Freda Payne tunes

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The star on Holland-Dozier-Holland’s label Invictus!

Freda Payne was never signed to Motown but the connection is clear.

Holland-Dozier-Holland, the main songwriting team, had moved away from Berry Gordy’s empire and started their own label, Invictus in 1969.

Barred from using their own names by Berry, they had to release under the pseudonym Edyth Wayne, or credit songs to their producers.

On this label, they had one #1 hit, Band Of Gold with, you guessed it, Freda Payne.

If the name rings a bell it’s because Freda’s sister Scherrie sang for The Supremes, after Diana had left between 73-77.

But Freda wasn’t just a singer, she also worked on Broadway, in movies, made TV appearances, and even hosted her own show, entitled Today’s Black Women.

After Band Of Gold and the label Invictus folded, Freda would go on and release albums and singles with other labels but nothing came close to Band Of Gold.

The same destiny unfolded for the legendary songwriting team. Band of Gold was their last big hit.

Freda’s greatest influences were Ella Fitzgerald, Billie Holiday, and other famous jazz singers. Her foundation was jazz, which she took into the radio-friendly pop/soul world.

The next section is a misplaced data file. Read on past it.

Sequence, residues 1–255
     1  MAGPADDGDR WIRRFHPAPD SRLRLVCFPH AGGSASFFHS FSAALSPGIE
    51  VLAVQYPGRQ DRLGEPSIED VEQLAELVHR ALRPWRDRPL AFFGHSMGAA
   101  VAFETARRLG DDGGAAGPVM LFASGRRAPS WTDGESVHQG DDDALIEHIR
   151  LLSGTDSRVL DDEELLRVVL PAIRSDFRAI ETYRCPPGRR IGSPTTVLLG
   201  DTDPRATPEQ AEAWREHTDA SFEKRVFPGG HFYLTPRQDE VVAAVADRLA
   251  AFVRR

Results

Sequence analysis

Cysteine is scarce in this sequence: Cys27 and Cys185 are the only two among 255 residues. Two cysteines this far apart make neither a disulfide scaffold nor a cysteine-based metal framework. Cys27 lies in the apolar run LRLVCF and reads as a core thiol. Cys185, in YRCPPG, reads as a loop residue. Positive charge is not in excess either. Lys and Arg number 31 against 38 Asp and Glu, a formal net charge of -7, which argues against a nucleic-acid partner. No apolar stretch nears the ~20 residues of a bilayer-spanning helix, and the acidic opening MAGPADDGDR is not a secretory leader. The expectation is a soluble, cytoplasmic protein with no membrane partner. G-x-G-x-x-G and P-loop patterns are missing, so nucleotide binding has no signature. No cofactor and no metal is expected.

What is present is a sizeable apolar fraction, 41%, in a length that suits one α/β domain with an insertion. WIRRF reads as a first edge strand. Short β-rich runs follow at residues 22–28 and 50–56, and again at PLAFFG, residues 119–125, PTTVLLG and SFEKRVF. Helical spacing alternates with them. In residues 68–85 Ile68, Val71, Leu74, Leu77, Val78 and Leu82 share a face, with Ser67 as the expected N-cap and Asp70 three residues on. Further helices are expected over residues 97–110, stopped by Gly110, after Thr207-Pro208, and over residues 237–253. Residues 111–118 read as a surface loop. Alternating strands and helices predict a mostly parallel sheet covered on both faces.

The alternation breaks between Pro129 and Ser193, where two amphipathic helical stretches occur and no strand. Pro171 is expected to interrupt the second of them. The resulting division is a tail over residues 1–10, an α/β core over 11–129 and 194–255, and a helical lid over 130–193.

She may only have had one big tune in Band Of Gold, but it made her career.

Freda Payne Tunes | Related Pages

Band Of Gold

Band Of Gold chords

You can learn how to play Band Of Gold by Freda Payne using chords, chord analysis, lyrics, and the original recording.

G | G | D/F# |
Now that you’re gone, all that’s left is a band of gold…

Freda Payne on the web

Listen to Freda Payne on Spotify


Artist and Band biographies

Behind every single tune you learn, there’s an artist or band with an entire catalogue of music, waiting to be discovered.

Find out more about these great women and men, and let their tunes guide you to success with these Artist & Band biographies.

About me

About Me Dan Lundholm T

This article about Freda Payne was written by Dan Lundholm. Discover more about him and how learning guitar with Spytunes has evolved.

Most importantly, find out why you should learn guitar through playing tunes, not practising scales, and studying theory in isolation.


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